Big Blue View
[T]he Redskins sent a clear sign to any doubters that Haskins plays a major role in that identity when they signed former Carolina Panthers QB Kyle Allen. That signing signaled to Haskins that the QB job is his to lose. No more of the nonsense Tua Tagovialoa rumors. This team will be built around Haskins, who showed increasing flashes of promises as the 2019 season went on. The combination of Haskins and wide receiver Terry McLaurin proved to be a pleasant surprise that Washington hopes to cultivate this year.
Other notable free agent signings include DB Kendall Fuller, fresh off his Super Bowl victory with the Kansas City Chiefs, and safety Sean Davis. Fuller brings “positional flexibility” to Washington - something that Rivera preaches and will serve as a much-needed corner in the slot. Meanwhile, Davis played on some of the stingiest Steelers’ defenses in recent years and promises to add depth to the safety position as he competes for a starting spot.
Of course, the biggest addition to the Redskins defense is Chase Young. The star out of Ohio State will make an immediate impact to the Redskins’ defense alongside Montez Sweat. The former nation’s leader in sacks will pose a daunting threat to opposing offenses.
Blogging the Boys
The Cowboys defense has the potential to be really good.
[W]hen we heard a few days ago that LVE has fully recovered from his neck injury, fans have good reason to be excited. Vander Esch led the team with 140 tackles in 2018 as he was all over the field. Getting a player like that back would mean great things for this Cowboys defense.
The secondary is also another group that presents a great unknown. The team is now without their best shutdown corner in Byron Jones; however, they did score a nice break when Trevon Diggs was still available in the second round of April’s draft. There will be some growing pains with the rookie, but his ball-hawking presence will offer a refreshing change to the position group. The team has several other viable options such as Chidobe Awuzie, Anthony Brown, and Jourdan Lewis., so they should still be in good shape at the cornerback position.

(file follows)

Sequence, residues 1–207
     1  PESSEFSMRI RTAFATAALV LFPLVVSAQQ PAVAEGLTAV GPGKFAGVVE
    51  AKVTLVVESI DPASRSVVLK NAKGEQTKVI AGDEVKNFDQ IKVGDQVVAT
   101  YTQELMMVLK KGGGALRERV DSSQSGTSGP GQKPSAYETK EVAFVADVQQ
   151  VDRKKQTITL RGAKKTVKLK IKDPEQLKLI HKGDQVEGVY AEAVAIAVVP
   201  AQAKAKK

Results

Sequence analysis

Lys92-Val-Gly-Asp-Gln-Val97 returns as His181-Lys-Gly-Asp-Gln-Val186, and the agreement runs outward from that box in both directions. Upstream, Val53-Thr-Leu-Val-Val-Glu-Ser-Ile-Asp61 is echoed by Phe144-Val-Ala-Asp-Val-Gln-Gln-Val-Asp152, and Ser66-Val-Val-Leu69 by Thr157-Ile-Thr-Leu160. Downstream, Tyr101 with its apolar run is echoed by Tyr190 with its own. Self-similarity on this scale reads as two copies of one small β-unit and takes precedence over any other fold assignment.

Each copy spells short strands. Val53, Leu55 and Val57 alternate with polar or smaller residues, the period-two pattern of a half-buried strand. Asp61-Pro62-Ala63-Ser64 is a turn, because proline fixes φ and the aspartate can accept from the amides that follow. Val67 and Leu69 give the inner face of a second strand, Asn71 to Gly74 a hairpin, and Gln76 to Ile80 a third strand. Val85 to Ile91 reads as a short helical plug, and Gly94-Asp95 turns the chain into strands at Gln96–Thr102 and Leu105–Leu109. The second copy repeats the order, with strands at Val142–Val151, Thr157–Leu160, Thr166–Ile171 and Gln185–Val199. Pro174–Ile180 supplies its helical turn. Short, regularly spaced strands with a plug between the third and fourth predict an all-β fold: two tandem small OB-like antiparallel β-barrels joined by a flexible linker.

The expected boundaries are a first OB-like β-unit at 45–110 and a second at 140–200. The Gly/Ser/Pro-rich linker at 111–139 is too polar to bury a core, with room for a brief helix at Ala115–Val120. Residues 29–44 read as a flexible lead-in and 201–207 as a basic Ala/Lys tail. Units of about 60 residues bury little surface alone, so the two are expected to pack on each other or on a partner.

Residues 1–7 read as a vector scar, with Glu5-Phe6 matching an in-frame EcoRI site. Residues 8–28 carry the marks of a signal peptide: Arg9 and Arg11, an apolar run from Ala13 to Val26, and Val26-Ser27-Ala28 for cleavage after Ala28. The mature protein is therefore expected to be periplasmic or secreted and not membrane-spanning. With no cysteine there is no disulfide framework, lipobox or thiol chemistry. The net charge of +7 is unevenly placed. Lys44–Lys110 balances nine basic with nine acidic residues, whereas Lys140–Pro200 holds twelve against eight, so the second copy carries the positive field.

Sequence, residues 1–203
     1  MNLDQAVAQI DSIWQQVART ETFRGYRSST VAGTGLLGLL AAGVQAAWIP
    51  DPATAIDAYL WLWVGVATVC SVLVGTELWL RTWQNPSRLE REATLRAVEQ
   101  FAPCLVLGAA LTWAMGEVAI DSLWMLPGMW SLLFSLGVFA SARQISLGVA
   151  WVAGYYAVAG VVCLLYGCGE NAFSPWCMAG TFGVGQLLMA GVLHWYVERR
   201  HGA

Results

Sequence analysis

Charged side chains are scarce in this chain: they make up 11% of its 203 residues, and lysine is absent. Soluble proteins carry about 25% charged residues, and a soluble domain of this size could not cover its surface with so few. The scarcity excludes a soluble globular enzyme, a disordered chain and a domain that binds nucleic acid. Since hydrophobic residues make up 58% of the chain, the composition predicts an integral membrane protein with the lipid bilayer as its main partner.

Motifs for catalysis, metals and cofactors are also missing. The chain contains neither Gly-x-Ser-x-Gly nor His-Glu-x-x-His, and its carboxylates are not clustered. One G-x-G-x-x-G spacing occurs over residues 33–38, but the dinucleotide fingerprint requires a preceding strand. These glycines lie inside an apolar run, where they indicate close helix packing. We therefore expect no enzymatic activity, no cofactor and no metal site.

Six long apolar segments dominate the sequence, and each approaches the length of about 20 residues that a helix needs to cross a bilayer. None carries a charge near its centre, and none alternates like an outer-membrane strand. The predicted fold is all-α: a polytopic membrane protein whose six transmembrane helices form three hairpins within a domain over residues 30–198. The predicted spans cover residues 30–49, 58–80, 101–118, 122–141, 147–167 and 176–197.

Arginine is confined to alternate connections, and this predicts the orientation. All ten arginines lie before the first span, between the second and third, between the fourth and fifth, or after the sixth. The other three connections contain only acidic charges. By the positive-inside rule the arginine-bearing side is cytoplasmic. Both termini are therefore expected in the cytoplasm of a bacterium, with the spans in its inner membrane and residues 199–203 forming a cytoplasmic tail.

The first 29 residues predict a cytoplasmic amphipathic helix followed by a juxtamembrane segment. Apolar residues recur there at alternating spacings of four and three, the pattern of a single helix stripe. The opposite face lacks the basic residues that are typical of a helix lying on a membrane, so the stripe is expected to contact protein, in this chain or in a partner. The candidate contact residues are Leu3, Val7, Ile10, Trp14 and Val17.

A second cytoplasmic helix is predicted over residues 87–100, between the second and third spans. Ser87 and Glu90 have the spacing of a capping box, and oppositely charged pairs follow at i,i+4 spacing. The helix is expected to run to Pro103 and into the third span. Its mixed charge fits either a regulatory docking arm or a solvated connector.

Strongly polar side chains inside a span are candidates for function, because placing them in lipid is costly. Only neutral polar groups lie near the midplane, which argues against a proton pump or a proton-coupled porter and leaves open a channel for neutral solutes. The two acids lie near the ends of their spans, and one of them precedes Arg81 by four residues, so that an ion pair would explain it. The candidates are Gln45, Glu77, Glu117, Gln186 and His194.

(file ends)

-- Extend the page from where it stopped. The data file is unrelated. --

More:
They may even get a little better at safety as Ha Ha Clinton-Dix is an underrated pick-up who earned Pro Bowl honors playing for Mike McCarthy in Green Bay. The duo of Clinton-Dix and Xavier Woods gives the team the best coverage safety tandem they’ve had in quite some time. Similar to corner, they have solid pieces like Darian Thompson and Donovan Wilson on the bench to give them good depth should the injury bug strike.
Finally, when you combine all that new talent with a revamped coaching staff, it’s hard not to be excited about what this defense can do.
Bleeding Green Nation
Stop me if you’ve heard this before, but the cornerback room probably isn’t going to be that good
The Eagles’ traded third- and fifth-round selections for Darius Slay, the disgruntled Detroit vet, and promptly extended him. Slay, even if he has started on the downturn of his career — which I don’t believe he has — is the best cornerback to play under Pederson in Philly. This is great news.
But everything else is bad. To help open cap space for Slay’s extension, the Eagles cut the only bright spot on the backend before Slay in Malcolm Jenkins, who had taken 2,075 of the possible 2,075 snaps on defense over the last two years, and played at Pro Bowl levels in both seasons. They grabbed Nickell Robey-Coleman as a late veteran add to potentially fill the slot job that Maddox is vacating, and signed Will Parks to a one-year prove-it deal after missing out on the larger safety market. Their only secondary draft pick was a fourth-round safety in Clemson utility piece K’Von Wallace.
In summary, the Eagles started to have problems at cornerback back in 2018. Their problem was two-fold: their starters weren’t very good, and their backups weren’t much better when they were healthy, which was infrequently at best.